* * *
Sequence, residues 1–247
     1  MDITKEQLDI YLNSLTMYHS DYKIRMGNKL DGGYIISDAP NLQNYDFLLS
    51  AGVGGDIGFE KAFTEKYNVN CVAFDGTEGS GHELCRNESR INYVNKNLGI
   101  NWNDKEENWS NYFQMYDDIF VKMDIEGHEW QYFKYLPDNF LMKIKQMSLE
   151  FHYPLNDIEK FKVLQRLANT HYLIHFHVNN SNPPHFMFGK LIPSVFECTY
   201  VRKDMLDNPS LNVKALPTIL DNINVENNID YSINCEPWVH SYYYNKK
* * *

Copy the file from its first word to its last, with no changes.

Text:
Sequence, residues 1–247
     1  MDITKEQLDI YLNSLTMYHS DYKIRMGNKL DGGYIISDAP NLQNYDFLLS
    51  AGVGGDIGFE KAFTEKYNVN CVAFDGTEGS GHELCRNESR INYVNKNLGI
   101  NWNDKEENWS NYFQMYDDIF VKMDIEGHEW QYFKYLPDNF LMKIKQMSLE
   151  FHYPLNDIEK FKVLQRLANT HYLIHFHVNN SNPPHFMFGK LIPSVFECTY
   201  VRKDMLDNPS LNVKALPTIL DNINVENNID YSINCEPWVH SYYYNKK